What is the difference between using an Accredited Building Designer and an Architect?
When talking about private homes there is very little difference between using an accredited building designer and an architect. In fact there are many similarities.
Accredited building designers and architects are permitted to supply documentation to council and government for approval via a Development Application or a Complying Development for an extension, renovation or new home.
Both building designers’ and architects’ businesses are set up to create designs for buildings. They are responsible for the concept design, subsequent drawings of floor plans, elevations, sections and reports which are necessary to submit an Application for an approval, and construction documentation.
Building designers and architects advocate sustainable design concepts by “reducing energy demand and increasing the energy efficiency of buildings” – (Reference: Institute of Architects website). Extensions and renovations of existing buildings, rather than knock down and rebuild, is an excellent example of sustainability itself.
Both categories of designer aim to achieve the highest degree of professionalism. The accreditation or registration for both provides a level of endorsement by a professional body which benefits clients, contractors and councils.
To maintain their annual re-registration, there is a strict requirement for continuing professional development. This ensures that each designer is up to date with all aspects of new legislations and building practices that apply to their industry.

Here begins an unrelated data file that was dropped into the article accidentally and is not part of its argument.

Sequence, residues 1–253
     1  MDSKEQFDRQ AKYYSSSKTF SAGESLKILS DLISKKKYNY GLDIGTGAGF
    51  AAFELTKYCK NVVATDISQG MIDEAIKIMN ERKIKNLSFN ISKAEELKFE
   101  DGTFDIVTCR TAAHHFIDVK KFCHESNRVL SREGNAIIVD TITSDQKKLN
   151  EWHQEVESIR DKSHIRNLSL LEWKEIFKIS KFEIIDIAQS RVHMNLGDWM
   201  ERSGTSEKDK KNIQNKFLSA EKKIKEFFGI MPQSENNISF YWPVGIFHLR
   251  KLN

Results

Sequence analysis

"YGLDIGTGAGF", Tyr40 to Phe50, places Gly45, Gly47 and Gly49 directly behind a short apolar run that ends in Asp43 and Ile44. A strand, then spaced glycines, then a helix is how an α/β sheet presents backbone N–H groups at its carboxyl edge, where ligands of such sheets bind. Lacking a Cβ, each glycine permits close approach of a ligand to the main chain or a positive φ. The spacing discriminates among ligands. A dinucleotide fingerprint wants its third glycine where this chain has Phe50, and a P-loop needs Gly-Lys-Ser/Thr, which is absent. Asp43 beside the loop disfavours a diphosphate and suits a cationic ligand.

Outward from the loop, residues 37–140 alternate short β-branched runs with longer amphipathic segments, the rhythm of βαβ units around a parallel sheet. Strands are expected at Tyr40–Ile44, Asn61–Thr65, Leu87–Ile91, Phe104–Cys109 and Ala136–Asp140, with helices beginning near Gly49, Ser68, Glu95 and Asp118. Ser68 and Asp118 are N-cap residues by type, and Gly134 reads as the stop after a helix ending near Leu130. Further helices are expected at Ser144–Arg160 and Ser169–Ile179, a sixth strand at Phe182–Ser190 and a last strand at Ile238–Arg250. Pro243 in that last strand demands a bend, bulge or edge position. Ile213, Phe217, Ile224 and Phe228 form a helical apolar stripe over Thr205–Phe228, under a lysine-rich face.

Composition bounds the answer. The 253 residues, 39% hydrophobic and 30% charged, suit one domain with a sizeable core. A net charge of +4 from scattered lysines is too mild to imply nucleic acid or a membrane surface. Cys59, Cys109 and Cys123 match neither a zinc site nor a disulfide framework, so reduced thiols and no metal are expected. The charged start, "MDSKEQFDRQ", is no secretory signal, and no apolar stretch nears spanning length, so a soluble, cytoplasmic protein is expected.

Quality and Style
Accredited building designers and architects both provide appropriate standards of service. However like everything, the individual person you deal with is the most relevant factor for quality and style. This will depend as much on the client and their brief, as it does on the individual building designer or architect.
“Currently, the Building Designers Association of Australia estimates that 75-80% of residential work is designed by Building Designers” – Reference: Building Designers Association of Australia website.
Who is right for you?
You will have a close association with your designer for an extended period of time. This includes the design, approval and construction phase of your project. Therefore selecting someone you feel both comfortable and confident with is imperative.
The designer you select needs to be the craftsman, artist and realist who will capture your dreams and integrate them with what is possible. This includes adding your desired ambience, to achieve a home that you will be excited to live in.
Expect that they will challenge you, your Brief and what you think you want to ensure your design maximises every opportunity and the investment you are making.
The design is paramount. Good design is always a wise investment because it costs a similar amount to build a good design or a bad design.
To decide who is right for you, I recommend you assess each of the building designers and/or architects you are considering as follows:
What are their proposed Facts and figures?
- Their fees. These can vary widely and are usually a function of experience and type of project. No designer or architect can give you a fixed price when you first speak to them.
- The extent of work they are quoting on (e.g. concepts only or a full service)
- The amount of time to complete your project
- How you connect on a personal level
- Whether you like their portfolio of previous projects
- How do their early ideas resonate with you? (These ideas will only be indicators, as many more solutions evolve as they develop the concept design)
Your intuition will be your strongest guide, as this is a personal decision.
Do you feel comfortable and confident with this designer or architect? Hence, do you think you could work together to have a successful outcome?